The Casual Vacancy by JK Rowling

So the latest meeting of the Chamonix Book Club was I think the most successful yet, or at least certainly the most informative; we’re getting better at this! The book under scrutiny was ‘The Casual Vacancy’ by JK Rowling, and having a few avid Harry Potter fans amongst us, we were unsure of what to expect.

For the first time since we began book club, I think it’s safe to say that the book was thoroughly enjoyed by all members, even those who will happily admit that they would rather choose a non-fiction book any day. But that is the beauty of a book club, people have to read books they have never heard of and wouldn’t ordinarily choose; thus broadening their horizons and opening their mind to something new.

The book is set in Pagford, a fictional sleepy village in rural England that many of us can identify with in one way or another. The story opens with the sudden death of one of the members of the local Parish Council, leaving a ‘casual vacancy’ which must therefore be filled. The rest of the story introduces us to the diverse and interesting residents of Pagford; following their individual stories and exploring how they intertwine; hinting at the secrets and unrest which lurk behind closed doors in a village which on the outside seems textbook picturesque and idyllic.

The overwhelming response was that Rowling’s development and description of characters was outstanding and left everyone feeling that they really got to know all the characters intimately. It was also widely agreed that for such a meaty book there was very little plot and overall, not much actually happened. This week’s host had handily prepared some discussion questions which proved to be great talking points; one of the main ones being the topic of which of the characters were people’s favourites and least favourites.

You are left feeling anger and irritation towards some characters and real empathy and sadness towards others, although surprisingly not everyone had the same opinion on who they liked and disliked. I was particularly interested in the suggestion that society tends to view a heroin junkie such as Terri Weedon as scum who are simply a drain on resources, yet Rowling manages to show the other, sadder side of such a plight and encourages her readers to consider circumstances such as drug addiction from a different perspective; showing how it can be a perpetuating spiral that is passed on to the next generation.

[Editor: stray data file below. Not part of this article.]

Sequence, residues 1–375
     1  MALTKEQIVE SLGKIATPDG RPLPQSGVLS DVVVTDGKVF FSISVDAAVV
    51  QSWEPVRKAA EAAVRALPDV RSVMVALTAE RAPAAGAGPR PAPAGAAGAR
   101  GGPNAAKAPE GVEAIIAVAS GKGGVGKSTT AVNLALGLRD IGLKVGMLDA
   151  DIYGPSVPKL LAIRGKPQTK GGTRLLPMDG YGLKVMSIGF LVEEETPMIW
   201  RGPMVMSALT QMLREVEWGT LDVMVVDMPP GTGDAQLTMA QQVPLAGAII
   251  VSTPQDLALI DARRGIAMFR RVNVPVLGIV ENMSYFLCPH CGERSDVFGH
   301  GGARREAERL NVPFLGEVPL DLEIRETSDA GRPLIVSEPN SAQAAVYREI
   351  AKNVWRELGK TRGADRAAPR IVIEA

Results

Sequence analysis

The Casual Vacancy is a very easy read and despite containing very little action or drama, is a real page turner. Rowling clearly understands real life, and especially village life. I would challenge anyone to read this story and claim that they couldn’t identify with a single character. Her story represents the vast variety of characters we will all come across at some point in our lives and shows that what we see on the outside doesn’t always reflect what is really going on.

I would be interested to see what others think of the ending, as we had mixed opinions here in the book club. Some liked it, a few had alternative endings that they were expecting and others felt disappointed that after 500 pages of strong description and very little action, Rowling felt the need to finish with a big dramatic climax.

Overall this book was thoroughly enjoyed by all and a great success, I would certainly recommend it and congratulate JK Rowling on a very successful foray in to the world of adult fiction!

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